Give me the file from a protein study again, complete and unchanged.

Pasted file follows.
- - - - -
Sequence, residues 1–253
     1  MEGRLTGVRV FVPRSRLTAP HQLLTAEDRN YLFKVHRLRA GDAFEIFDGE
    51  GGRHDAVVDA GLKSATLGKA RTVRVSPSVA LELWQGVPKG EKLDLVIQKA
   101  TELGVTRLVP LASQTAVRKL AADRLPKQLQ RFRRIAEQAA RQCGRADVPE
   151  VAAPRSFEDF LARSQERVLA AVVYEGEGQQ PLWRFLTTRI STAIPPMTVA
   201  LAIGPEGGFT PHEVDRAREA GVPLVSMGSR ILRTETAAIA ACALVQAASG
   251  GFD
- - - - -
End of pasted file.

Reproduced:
Sequence, residues 1–253
     1  MEGRLTGVRV FVPRSRLTAP HQLLTAEDRN YLFKVHRLRA GDAFEIFDGE
    51  GGRHDAVVDA GLKSATLGKA RTVRVSPSVA LELWQGVPKG EKLDLVIQKA
   101  TELGVTRLVP LASQTAVRKL AADRLPKQLQ RFRRIAEQAA RQCGRADVPE
   151  VAAPRSFEDF LARSQERVLA AVVYEGEGQQ PLWRFLTTRI STAIPPMTVA
   201  LAIGPEGGFT PHEVDRAREA GVPLVSMGSR ILRTETAAIA ACALVQAASG
   251  GFD